It’s been a while since my last post. And in that time I’ve been able to use my Panasonic FZ1000 on more than one occasion. I’m going to share some of my thoughts about the FZ1000, but try not to bore you with a lot of techno stuff. If you want that kind of info, there are other websites available.
The FZ1000 is by no means small. It’s close in size to my Canon 60D DSLR, although somewhat lighter. The advantage the FZ1000 has over a camera like the 60D is versatility. The built-in lens is of high quality (Leica) and has a very usable range, 25-400mm (image stabilized). This means that with a single camera I can quickly change focal length to suit the situation, rather than carry a bag full of lenses and fumble around changing them. I’m able to keep the FZ1000 in a small messenger bag that isn’t a pain to carry around.
During a recent outing to the Planes of Fame Air Museum I was able to make good use of the FZ1000. In fact, it was the only camera I brought to the event. Packed nicely in the messenger bag, along with a couple of accessories, it was quick and easy to access and grab a shot or two when needed. The nice thing about the air museum is the variety of subjects and lighting. Sometimes the light is just right, but mostly it’s challenging. Dark interior hangars and harsh afternoon light pouring in from open hangar doors, can be fun and frustrating at the same time!
Speaking of a variety of subjects, I was able to work with both static and moving examples. The event was titled “Little Friends” and was about the role of the P-51 Mustang as a bomber escort during WWII. There are a couple of P-51s at the museum, and the P-51D Wee Willy II, provided a flight demonstration. I found the FZ1000 more than capable for the static displays, but not quite up to snuff with the flight demo this time. There’s a difference between an air show where the planes fly much closer to the crowd and other events such as this one. The P-51D did make several passes, but was at a much higher elevation. The FZ1000 can stretch out to 400mm, but that wasn’t quite enough for this event. There is a feature in the FZ1000 to increase the range of the lens by using the digital zoom, but at the cost of resolution. This is something I’ll investigate later and share if it proves useful. To be fair, I’ve used my Canon 60D with Tamron 200-500mm lens at similar events and found it wanting as well.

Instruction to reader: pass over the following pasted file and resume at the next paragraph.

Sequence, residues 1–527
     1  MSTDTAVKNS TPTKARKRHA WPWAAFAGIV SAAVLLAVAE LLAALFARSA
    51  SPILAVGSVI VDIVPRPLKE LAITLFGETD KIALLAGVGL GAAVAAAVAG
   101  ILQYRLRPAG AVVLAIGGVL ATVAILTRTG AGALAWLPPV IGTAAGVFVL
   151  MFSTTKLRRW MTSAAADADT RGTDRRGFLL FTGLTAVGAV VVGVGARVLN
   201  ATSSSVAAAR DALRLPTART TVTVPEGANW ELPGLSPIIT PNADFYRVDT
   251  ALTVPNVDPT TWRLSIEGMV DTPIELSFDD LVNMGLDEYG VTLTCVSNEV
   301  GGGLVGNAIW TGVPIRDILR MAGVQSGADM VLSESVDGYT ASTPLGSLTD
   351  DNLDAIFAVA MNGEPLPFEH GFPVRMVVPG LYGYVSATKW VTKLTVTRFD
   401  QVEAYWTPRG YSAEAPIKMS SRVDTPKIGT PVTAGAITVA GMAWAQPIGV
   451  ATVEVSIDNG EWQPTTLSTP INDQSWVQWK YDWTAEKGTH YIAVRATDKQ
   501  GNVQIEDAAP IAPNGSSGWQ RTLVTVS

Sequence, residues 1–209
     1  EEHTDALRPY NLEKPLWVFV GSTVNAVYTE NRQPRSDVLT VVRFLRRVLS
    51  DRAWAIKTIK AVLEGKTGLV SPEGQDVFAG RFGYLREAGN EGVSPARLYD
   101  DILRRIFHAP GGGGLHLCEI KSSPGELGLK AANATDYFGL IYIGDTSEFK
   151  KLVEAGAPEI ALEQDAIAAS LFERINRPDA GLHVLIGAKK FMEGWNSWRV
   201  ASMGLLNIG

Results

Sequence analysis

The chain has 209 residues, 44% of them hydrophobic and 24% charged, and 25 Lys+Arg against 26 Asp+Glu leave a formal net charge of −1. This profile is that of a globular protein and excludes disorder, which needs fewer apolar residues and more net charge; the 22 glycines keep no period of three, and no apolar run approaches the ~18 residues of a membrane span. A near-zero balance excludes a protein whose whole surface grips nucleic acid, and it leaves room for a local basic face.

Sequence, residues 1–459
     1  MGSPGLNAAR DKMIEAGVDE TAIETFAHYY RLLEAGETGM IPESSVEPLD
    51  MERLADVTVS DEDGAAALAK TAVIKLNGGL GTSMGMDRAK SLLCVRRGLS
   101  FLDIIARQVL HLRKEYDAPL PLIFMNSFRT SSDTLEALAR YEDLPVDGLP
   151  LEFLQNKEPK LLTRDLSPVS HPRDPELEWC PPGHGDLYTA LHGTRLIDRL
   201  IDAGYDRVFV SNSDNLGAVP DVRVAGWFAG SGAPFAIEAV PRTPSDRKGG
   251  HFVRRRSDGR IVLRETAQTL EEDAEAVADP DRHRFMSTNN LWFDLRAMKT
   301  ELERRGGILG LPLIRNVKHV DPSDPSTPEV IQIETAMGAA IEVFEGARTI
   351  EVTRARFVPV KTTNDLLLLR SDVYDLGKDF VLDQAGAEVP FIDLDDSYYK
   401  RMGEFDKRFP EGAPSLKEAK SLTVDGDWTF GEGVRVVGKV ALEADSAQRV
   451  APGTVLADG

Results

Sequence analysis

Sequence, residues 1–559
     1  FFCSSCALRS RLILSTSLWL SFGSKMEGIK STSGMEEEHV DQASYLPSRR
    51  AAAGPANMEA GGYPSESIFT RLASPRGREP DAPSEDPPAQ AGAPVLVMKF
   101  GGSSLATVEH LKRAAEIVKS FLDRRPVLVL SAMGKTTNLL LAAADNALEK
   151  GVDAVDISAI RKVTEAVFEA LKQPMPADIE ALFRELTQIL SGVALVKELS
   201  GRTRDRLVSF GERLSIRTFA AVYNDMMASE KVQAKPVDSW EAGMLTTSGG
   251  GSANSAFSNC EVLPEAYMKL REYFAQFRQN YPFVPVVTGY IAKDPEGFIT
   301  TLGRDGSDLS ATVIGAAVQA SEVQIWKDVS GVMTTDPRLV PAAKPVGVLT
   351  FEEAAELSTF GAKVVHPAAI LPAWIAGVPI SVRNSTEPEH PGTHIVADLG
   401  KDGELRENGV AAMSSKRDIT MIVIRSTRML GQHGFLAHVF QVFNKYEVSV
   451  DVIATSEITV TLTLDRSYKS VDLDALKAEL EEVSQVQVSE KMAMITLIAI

There are 2 modes that I used during my time at the air museum. For the static displays, I selected aperture priority. Aperture priority is generally my preferred mode for most things such as landscapes, portraits, and most things that don’t move too fast. When the subject is moving, I tend to shift to shutter priority. When the shutter speed is set, the camera adjusts the aperture to match. Because I was shooting WWII propeller planes, I used a slower shutter speed to blur the prop (usually 1/200th second). Although the camera has the ability to be set for Auto ISO (sensitivity to light), I prefer to make the necessary changes myself. When the light was bright and in abundance, I used ISO 125, for darker interiors I set it at ISO 1600. There was some noise at 1600, but nothing that couldn’t be cleaned up in post. I also shoot everything in RAW rather than jpeg. I find RAW much more flexible for post processing.
So, with all of the stuff mentioned above, what about image quality? As far as I’m concerned it’s more than adequate. I’ve mentioned in previous posts (and elsewhere) that I won’t get caught up in endless debates about pixel depth, sensor size and other technical details. Personally, I’m more interested in how a camera performs the task I’ve given it, how it feels in my hands, and the RAW image that I can spend time with in post. I’m sure there are those who will not find the FZ1000 good enough, but I’m not among them. There’s more to the art and craft of photography than pixels!
Here are some recent examples from my FZ1000:
There’s one more thing the FZ1000 does, and that is video. Not just video, but 4K. In case you didn’t know, 4K has twice the resolution of HD. Video isn’t something that I do much of, but with the 4K ability of the FZ1000, I couldn’t resist. My video skills aren’t that good, but the one thing that I am able to do with a video clip is what’s called a frame grab. Using Adobe Lightroom, I’m able to not only view a video, but break it down frame by frame, and grab one (copy and extract it from the actual video). The resulting image is a jpeg, and has 5 megapixel resolution. Here’s a frame that I grabbed. Other than a little cropping and resizing, I applied no other processing.
So, you may be wondering if the FZ1000 is for you. Maybe, maybe not. It depends on what you want to do with it. For some, it may be too big. It most definitely will not fit in your pocket. If that’s what you want, then you may want to look at a camera like the Sony RX100. The RX100 has a sensor of similar size and quality as the FZ1000, but in a much smaller package. The RX100 will fit in your pocket, or purse! Want to know my solution? I have them both!
That’s it for this post, until next time – Happy Shooting!